Why Bonuses Fail

Why Bonuses Fail with Dr. Dave Maloley - Relentless Dentist PodcastHave you been scouring the internet trying to look for the best reward system for your employees? Let me tell you a secret; there’s none! I’ve tried different approaches, many times myself, and they didn’t work.

The bonus system aims to give out incentives (monetary or otherwise) to motivate employees to bring out their best and be productive. However, this kind of approach is counterproductive and not to mention expensive.

If you’re looking for a perfect incentive system for your employees, you should not miss out on these three elements: alignment, belonging, and healthy conflict. A reward system should not curb creativity and risk-taking. Once it’s manipulative and punitive, it will predictively fail 100%.

Tune in and find solutions to common practice issues at  Prescriptions for Your Practice

 

Key Quotes:

  • “What’s the best bonus system out there? And the short answer, the bottom line up front, is that there is no such thing.”
  • “If you work from that mental frame, work for wages, then you immediately assume that if I give more wages, if I give an incentive or bonus program, then I have a better team and I’ll get more and better work… it just doesn’t work.”
  • “Modern research says that bonus systems suck, and it can actually demotivate employees, or worse, motivate them to be egocentric, to work on their own self-interests.”
  • “Most people are looking for alignment, belonging, and healthy conflict.”
  • “You, as the practice owner, are completely limiting the effectiveness of your team if it’s a top-down approach.”
  • “If we don’t first fulfill those common human needs, a bonus system will likely be expensive at best, counterproductive at worst.”
  • “I really didn’t have the practice or team that I dreamed of until I really dug into the science of human potential, the science of organizational behavior.”
  • “No bonus system can match the internal motivations of your team.”

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The 5 Essentials to Depolarizing Your Practice with Dr. Dave Maloley

The 5 Essentials to Depolarizing Your Practice with Dr. Dave MaloleyHow do we secure a productive environment in our practices? One that doesn’t get disrupted by the increasing tension in society and result in a toxic culture that could compromise your livelihood?

Let’s engineer a work environment that brings out the best in you and your team!

In this episode, I talk about the imminent changes in the dental profession that are big long-term wins if we start enhancing our company cultures. I’ll also discuss how to keep your team innovating and encourage your employees to grow their confidence, improve engagement, and experience joy at work.

Tune in and find solutions to common practice issues at  Prescriptions for Your Practice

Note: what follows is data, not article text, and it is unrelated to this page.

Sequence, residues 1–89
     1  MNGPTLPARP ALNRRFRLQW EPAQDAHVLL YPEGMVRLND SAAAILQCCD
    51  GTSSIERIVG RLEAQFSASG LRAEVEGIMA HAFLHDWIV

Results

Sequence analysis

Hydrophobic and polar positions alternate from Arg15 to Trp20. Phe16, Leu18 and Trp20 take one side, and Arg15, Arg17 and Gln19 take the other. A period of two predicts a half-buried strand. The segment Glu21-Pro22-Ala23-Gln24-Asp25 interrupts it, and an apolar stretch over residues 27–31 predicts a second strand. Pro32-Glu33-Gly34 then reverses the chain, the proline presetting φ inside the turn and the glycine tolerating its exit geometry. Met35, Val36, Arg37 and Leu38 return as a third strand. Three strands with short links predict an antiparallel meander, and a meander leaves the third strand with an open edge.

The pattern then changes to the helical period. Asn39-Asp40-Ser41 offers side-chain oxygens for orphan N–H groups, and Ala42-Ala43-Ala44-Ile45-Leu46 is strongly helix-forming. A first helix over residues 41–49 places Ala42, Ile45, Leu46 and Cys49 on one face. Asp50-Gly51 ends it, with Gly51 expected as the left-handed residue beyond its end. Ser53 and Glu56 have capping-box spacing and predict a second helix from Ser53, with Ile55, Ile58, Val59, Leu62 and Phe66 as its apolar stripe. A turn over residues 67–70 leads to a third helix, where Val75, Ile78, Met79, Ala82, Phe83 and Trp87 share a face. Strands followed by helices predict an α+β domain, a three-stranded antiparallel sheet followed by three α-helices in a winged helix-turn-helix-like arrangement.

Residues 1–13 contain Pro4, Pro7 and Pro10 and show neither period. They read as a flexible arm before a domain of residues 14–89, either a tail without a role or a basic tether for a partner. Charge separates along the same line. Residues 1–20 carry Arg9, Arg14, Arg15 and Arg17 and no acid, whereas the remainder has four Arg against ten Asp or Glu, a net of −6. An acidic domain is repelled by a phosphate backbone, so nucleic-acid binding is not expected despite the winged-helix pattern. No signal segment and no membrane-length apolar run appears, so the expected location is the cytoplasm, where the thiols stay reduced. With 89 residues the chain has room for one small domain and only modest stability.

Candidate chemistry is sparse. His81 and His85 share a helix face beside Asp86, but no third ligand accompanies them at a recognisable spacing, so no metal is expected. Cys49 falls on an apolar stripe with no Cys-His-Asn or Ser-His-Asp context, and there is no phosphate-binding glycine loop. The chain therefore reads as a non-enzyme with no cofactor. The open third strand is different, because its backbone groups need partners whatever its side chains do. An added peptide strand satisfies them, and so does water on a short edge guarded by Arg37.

Key Quotes:

  • “Our dental practices are a microcosm for society. Unless we create systems for safety and alignment for our teams, that polarization will create a very toxic culture and undermine your livelihood.”
  • “In all (economic) climates, it’s important that you, as a practice owner, are building your confidence and that of your team.”
  • “Personal issues manifest as work issues all of the time.”
  • “If there aren’t systems for frequent and open dialogue, there’s a very good chance there’s some toxic behaviors hidden from you, the doctor. Those are the ones that explode and hurt you, patient care, and others on the team.”
  • “Make sure you have some sort of no gossip policy.”
  • “Make sure that you have systems for recognition.”
  • “If you, the doctor, don’t engineer an environment that brings out the best in you, patient care and your pay will eventually take a hit.”

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Obsessions Become Your Possessions with Dr. Peter Bowman

It feels great to reconnect with a good friend, Dr. Peter Bowman, whom I guested in my podcast 5 years back talking about The Art of Believing and Achieving. Fast forward to the present, Peter now owns a world-ranked 9-hole golf course and his dental practice is currently focused on implant cases in varying degrees of complexity, sedation dentistry, and Invisalign.

Listen in as Peter gives us a glimpse of what his work week looks like, his undertaking outside the practice, how he adapted his practice model to his other ventures, biohacking, and a trip down memory lane on how luck played a role in why he got into dentistry.

Tune in and find more Bold Biographies

Key Quotes:

  • “Doing more efficient scheduling and delegating to the assistant, scheduling docker time and assistant time, we still have to kind of stay on top of that sometimes. But you know, just like anything else, nothing goes perfectly. All we can do is to make it better with each day.”
  • “You’re putting out fires the whole time. You don’t have enough time to figure out where you want to grow and do new things, and doing that buffer time is really hard to even get scheduled. But you know, once you’ve got it and formed that habit, it’s been the best thing I made in the long time.“
  • “A lot of my time is spent marketing and finding opportunities for growth, figuring out what service we don’t offer, the other offices in the area don’t offer, and finding a way to introduce that into the practice, picking a little niche to take care of.”
  • “I think you can do a fee-for-service model pretty much anywhere, but you really have to make yourself stand out and differentiate yourself.”
  • “We still do most of our approach based on finding out what the issues are, finding out what the patient wants, telling them how we can give them what they want, here’s what more we can do. And it just seemed to work for us. We built up a lot of trust and people keep coming back. So that’s how we do it.”
  • “You become what you think about.”

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